They may be Pittsburgh's kings of the ice, but, like you, they once had dreams, too
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After practice today, the Penguins will pack their skates and sticks and everything else hockey-related and fly to Toronto for a preseason game tonight.
The tools and travel of the trade are second nature for the Penguins, but while hockey is their first choice, many have an interest in other sports and even have an idea about another sport or two that might have turned into a livelihood.
Defenseman Mark Eaton, for instance, grew up in Delaware near Philadelphia. As a center fielder in baseball, he once tried out for the Phillies.
"Around senior year, I had to pick what sport I wanted to pursue," he said.
Winger Pascal Dupuis said that with the aid of a tanning bed, he could envision himself being competitive in beach volleyball -- along with tennis, that's a sport several players mentioned -- and is drawn to bowling and two-man whitewater canoeing.
But baseball is out. Twice, at ages 11 and 12, Dupuis snapped a bone in his arm while launching a snowball.
Center Max Talbot likewise turns up his nose at baseball.
"I was running back and linebacker in football, but I like running back," Talbot said. "I like to touch the ball, run it right up the middle."
Talbot's good friend, Canadian diver Alexandre Despatie, won the Olympic silver medal in 3-meter springboard last month, but Talbot can't swim. He thinks he could have success in weightlifting and wouldn't mind trying a marathon based on some history with distance running.
Although hockey players have a reputation for being good golfers and often do well in celebrity and charity events, this group of Penguins doesn't have a lot of aspiring pros in that sport.
"I'd like to be a good golfer, but you have to be really good or else you have to spend so much time in qualifying school, and I don't know if I'd want that hassle," said defenseman Hal Gill.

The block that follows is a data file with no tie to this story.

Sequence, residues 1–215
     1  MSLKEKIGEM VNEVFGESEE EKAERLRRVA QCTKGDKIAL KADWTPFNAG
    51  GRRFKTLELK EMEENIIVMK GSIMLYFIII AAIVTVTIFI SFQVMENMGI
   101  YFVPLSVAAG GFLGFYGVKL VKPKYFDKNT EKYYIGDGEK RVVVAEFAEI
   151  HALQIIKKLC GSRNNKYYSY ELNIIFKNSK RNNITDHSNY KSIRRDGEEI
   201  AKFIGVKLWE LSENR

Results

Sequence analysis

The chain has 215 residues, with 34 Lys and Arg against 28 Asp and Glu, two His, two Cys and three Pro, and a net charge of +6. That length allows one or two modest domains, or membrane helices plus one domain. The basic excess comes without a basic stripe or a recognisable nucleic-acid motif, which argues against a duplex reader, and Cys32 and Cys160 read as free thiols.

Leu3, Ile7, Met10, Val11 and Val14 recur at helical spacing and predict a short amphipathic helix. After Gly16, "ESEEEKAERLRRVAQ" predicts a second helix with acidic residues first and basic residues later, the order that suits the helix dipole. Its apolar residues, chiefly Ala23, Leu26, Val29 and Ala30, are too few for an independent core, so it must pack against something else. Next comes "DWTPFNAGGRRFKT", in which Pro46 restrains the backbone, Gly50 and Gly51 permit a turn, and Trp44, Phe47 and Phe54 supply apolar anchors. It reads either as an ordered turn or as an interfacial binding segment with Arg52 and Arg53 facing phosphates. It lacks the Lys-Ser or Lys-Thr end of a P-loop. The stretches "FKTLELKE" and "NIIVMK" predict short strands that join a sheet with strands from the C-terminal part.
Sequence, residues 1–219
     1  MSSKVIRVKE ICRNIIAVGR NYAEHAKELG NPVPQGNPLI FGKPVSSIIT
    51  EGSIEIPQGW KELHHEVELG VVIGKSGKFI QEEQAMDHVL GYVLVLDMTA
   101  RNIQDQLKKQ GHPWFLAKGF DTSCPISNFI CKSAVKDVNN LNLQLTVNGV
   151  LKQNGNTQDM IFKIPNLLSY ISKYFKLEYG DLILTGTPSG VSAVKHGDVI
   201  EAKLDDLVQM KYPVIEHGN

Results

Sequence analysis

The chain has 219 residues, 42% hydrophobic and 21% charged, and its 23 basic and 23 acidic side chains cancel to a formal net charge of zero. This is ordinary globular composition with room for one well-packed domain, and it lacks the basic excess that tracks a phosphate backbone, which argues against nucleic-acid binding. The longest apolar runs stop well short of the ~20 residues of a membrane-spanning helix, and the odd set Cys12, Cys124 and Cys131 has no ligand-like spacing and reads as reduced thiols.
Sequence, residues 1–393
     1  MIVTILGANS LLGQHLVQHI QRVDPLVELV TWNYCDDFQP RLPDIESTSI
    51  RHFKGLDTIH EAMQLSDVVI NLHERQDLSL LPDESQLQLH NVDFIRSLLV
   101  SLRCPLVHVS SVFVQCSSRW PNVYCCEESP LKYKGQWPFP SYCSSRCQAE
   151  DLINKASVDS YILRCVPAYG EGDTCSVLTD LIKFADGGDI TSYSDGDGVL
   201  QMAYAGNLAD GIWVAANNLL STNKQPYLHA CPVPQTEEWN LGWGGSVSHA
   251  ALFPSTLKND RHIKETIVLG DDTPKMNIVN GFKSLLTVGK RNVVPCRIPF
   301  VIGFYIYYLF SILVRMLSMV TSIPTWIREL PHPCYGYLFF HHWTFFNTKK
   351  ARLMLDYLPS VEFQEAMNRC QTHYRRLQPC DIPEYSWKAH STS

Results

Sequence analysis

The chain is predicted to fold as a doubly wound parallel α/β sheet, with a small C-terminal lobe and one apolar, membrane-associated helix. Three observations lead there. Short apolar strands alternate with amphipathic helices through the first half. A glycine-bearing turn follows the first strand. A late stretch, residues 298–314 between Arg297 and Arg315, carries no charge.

Gill, all 6 feet 7 of him, was a good quarterback at Nashoba Regional High School near Boston and listed football as his top alternative sport, but he also mentioned an offbeat event.
"I would say the discus," he said. "I like that. I did it in gym and I was good at it."
Defenseman Brooks Orpik took a different approach to the idea of another sport.
"Who's got the best job? A left-handed baseball starter?" he said. "You pitch every fifth day. That's what I would wish for.
"But, realistically speaking, I don't know. A safety in football would be fun, like [the Steelers' Troy] Polamalu, but I don't have the hairdo."
Orpik is one of several Penguins who was a catcher, but he never would have picked baseball.
"The life span's a little short," he said.
Center Sidney Crosby, on the other hand, liked being the backstop in baseball.
"I played catcher growing up. That would be my best chance to make it [in another sport]," , he said. "I used to like catcher. It's a lot more action. You're calling pitches, and there's a little more thinking involved. It was cool. You had to study the other team a little bit, so it was a bit like preparing in hockey."
Goaltender Marc-Andre Fleury also was a catcher. He also played football for a year, too, but not in a position anyone would guess for a wiry guy --defensive end.
"I didn't have a clue about football, all the rules and that stuff," he said. "I didn't play much, but I loved it. When they kicked it, I would run back and try to steal it from the [return] guy just so I could run with it a little more."
Fellow goaltender Danny Sabourin played shortstop in baseball and did a stint in basketball, "but I don't know the name of the position," he said. "The big guy in the middle. Like Shaq."
Strapping forward Jordan Staal and his brothers played a lot of sports. He was an outfielder in baseball, a receiver in football, a center in basketball and competed in track.
"I always did long jump and triple jump. I usually won," he said. "For the sprinting, I usually did the 200, but I ended up getting killed. The bigger I got, the slower I was."
He and his brothers put together a crude high-jump apparatus.
"It wasn't very high, but we were pretty good at it," he said. "We had, like, two mattresses. We had a wooden stick to go across, and it didn't feel too nice when you landed on it because there were a couple sticks or branches poking you."
Nothing like the equipment in pro hockey.
NOTES -- Defenseman Sergei Gonchar will see another doctor Monday about his dislocated left shoulder because the two he has seen are split on whether he needs surgery. "I want to get as much information as I can before making a decision," said Gonchar, who was hurt Saturday early in the team's first preseason game and is out indefinitely. "I was very frustrated. I felt like I had a good summer and I was ready for the season." ... Center and captain Sidney Crosby, who sat out the preseason game Wednesday against Tampa Bay because of a sore groin, practiced yesterday and hopes to be in the lineup tonight at Toronto. "It feels pretty good," he said. "I want to play as much as I can before we start." ... Coach Michel Therrien (broken ribs) returned to practice.
First Published September 26, 2008 12:00 am